Custer's Civil War tactics

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 How Custer managed his units during Civil War battles
CUSTER'S TACTICS
edited by 
"conz", military officer, West Point graduate, LBH.info 
 
source: Custer Victorious, by Gregory J. Urwin, Bison Books

 

 

Time is of the essence:
“Custer was still a good two miles outside of Appomattox Station when the sun began to fail, but not wishing to tire his command or let it get spread out in the darkness, he drew the 3rd Cavalry Division into a park for the night. Let the men sleep; they will be busy enough tomorrow. While the Red Ties were settling down, a prisoner was brought to the Boy General…Four defenseless trains full of munitions and supplies were waiting at Appomattox Station for the Army of Northern Virginia, and the Yankees could probably get there well ahead of the Confederates. At that precise moment a courier from Merritt gave Custer an order to halt and rest his division. Old Curly turned to one of his staff and directed him to relay this message to the Chief of Cavalry: ‘I just have word that there are four train loads of provisions for Gen. Lee at the station two miles from here, if I do not receive orders to the contrary, I am going to capture those trains.’ Before that aide was out of sight, Custer had his brigades mounted and clattering up the road at a trot, the 1st Connecticut and 2nd Ohio out in front as an advance guard.”

Orders for an advance guard:
“Colonel Pennington was detached with the 1st Connecticut, the 2nd Ohio, and the 2nd New York and directed to pitch into anything that got in his way.”

Using his adjudant to monitor a ford crossing:
“When he had first spied those Southern foot soldiers veering away from the turnpike, Custer had sent his new adjutant, Captain Levant W. Barnhart, downstream t monitor a ford half a mile below his left.”
p. 172 

Racing ahead with small forces to cut off the enemy’s retreat:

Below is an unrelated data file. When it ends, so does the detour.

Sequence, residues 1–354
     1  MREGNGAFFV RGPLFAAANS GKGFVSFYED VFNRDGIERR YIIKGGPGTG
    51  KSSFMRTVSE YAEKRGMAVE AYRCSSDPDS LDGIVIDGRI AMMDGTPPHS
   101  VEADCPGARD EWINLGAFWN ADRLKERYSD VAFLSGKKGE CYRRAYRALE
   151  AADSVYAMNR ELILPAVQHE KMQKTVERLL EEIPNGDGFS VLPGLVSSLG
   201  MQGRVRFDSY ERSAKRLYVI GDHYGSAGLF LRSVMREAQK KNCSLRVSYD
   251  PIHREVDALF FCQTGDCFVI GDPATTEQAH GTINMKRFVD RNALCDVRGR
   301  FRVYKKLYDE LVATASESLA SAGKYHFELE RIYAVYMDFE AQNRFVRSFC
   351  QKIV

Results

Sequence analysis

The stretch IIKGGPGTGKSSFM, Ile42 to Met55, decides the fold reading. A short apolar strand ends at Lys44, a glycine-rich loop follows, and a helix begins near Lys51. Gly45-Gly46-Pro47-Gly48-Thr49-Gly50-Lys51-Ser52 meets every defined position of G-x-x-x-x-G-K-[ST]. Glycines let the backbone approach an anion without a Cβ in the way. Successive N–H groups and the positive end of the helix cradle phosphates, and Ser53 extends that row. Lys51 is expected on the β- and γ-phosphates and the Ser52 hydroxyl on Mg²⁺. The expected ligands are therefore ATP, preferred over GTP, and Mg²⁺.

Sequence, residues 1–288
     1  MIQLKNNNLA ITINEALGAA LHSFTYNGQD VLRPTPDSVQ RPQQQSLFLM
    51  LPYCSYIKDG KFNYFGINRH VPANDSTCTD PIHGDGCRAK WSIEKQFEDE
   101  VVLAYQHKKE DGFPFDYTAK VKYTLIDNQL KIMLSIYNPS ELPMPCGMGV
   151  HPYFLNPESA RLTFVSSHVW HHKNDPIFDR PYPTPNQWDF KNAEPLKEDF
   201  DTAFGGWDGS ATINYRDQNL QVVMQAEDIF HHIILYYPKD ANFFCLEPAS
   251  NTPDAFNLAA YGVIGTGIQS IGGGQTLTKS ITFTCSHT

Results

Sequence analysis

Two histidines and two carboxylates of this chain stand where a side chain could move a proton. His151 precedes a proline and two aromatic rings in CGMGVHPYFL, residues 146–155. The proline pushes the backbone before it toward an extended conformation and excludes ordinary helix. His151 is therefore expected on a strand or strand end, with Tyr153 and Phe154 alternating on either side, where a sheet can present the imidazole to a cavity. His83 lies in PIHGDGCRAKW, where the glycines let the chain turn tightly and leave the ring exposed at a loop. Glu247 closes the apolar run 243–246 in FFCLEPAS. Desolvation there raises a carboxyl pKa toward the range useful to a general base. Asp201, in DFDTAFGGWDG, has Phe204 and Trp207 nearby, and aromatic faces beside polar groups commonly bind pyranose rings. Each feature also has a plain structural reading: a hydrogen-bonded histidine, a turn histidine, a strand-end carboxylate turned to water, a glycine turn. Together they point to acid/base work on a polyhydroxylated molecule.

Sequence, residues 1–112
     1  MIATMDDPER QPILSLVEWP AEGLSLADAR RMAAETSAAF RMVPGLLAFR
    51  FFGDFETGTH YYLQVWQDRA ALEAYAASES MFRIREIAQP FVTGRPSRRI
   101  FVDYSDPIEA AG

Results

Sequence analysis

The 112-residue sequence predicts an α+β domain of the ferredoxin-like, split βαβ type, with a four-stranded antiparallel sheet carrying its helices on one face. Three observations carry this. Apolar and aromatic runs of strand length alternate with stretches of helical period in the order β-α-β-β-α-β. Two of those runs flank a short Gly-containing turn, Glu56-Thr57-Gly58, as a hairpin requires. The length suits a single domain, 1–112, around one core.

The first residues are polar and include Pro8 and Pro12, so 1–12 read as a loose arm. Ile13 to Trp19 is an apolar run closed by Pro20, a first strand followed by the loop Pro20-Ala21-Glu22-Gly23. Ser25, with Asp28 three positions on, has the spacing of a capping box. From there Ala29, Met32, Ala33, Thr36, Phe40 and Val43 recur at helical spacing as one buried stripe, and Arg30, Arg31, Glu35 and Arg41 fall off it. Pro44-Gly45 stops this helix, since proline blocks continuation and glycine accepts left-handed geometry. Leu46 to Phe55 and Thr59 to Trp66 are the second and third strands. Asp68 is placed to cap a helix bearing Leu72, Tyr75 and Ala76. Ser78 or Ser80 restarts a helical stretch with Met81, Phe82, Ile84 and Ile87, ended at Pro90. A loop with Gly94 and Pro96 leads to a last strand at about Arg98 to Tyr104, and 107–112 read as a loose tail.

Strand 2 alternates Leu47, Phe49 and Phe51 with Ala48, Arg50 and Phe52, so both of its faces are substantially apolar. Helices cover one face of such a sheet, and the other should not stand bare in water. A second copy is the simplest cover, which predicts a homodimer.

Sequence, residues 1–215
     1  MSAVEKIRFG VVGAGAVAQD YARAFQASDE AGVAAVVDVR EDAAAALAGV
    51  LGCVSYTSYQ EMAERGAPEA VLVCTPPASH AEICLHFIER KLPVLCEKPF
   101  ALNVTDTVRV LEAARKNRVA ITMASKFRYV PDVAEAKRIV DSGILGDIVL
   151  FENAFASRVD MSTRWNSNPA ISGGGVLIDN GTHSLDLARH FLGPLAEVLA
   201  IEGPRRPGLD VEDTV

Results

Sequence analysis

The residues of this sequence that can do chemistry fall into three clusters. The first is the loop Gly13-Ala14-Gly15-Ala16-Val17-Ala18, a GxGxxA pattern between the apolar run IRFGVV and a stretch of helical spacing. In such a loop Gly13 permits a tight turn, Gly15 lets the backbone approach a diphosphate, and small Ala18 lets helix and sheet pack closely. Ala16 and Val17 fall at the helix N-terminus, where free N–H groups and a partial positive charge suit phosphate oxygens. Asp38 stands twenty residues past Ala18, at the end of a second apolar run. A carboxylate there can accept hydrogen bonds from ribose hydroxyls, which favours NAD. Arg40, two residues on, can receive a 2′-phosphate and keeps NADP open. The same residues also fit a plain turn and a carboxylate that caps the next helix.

“Taking off with only the 1st Vermont and 5th New York Cavalry and bidding his other regiments to follow as soon as they could break away and get rid of their prisoners, Old Curly jumpted his charger into a rocky ravine and clattered down to a blind ford he knew a quarter of a mile from the bridge. Hastily forming his two regiments on the south bank, the Boy General galloped forward half a mile and then turned east toward Early’s escape route.”

Tactics at Tom’s Brook:
“While the Rebs were diverted by Pennington’s skirmishers and Peirce’s stubborn battery, he ordered the 8th an 22nd New York and the 18th Penssylvania to veer right and come down on Rosser’s flank, and the 2nd Brigade was brought up to administer the coup de grace.”

Tactics at Mt. Crawford:
“Swiftly gauging the situation, he sent two regiments from Capehart’s brigade, the 1st New York and 1st West Virginia, to swim the river a mile above the bridge and then pounce on Rosser’s flank while he charged across the flaming span.”

Tactics as Waynesboro:
“Making one of his quick reconnaissances, Old Curly spotted this weakness and decided to take Old Jubilee without waiting for Merritt and Devin. Custer had Pennington dismount three regiments from his 1st Brigade armed with Spencer carbines…and move around the Confederate left under the cover of some woods near the river. Led by the division’s Acting Assistant Inspector-General, LTC Edward W. Whitaker, the flanking force got into position unseen, crouching among the trees and awaiting the signal from Custer that would turn them loose on Early’s hindquarters. Custer kept the enemy’s attention riveted to the front by having Colonel Wells send forward a line of mounted skirmishers to pester his opponents.”

 

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Custer Victorious: The Civil War Battles of General George Armstrong Custer 

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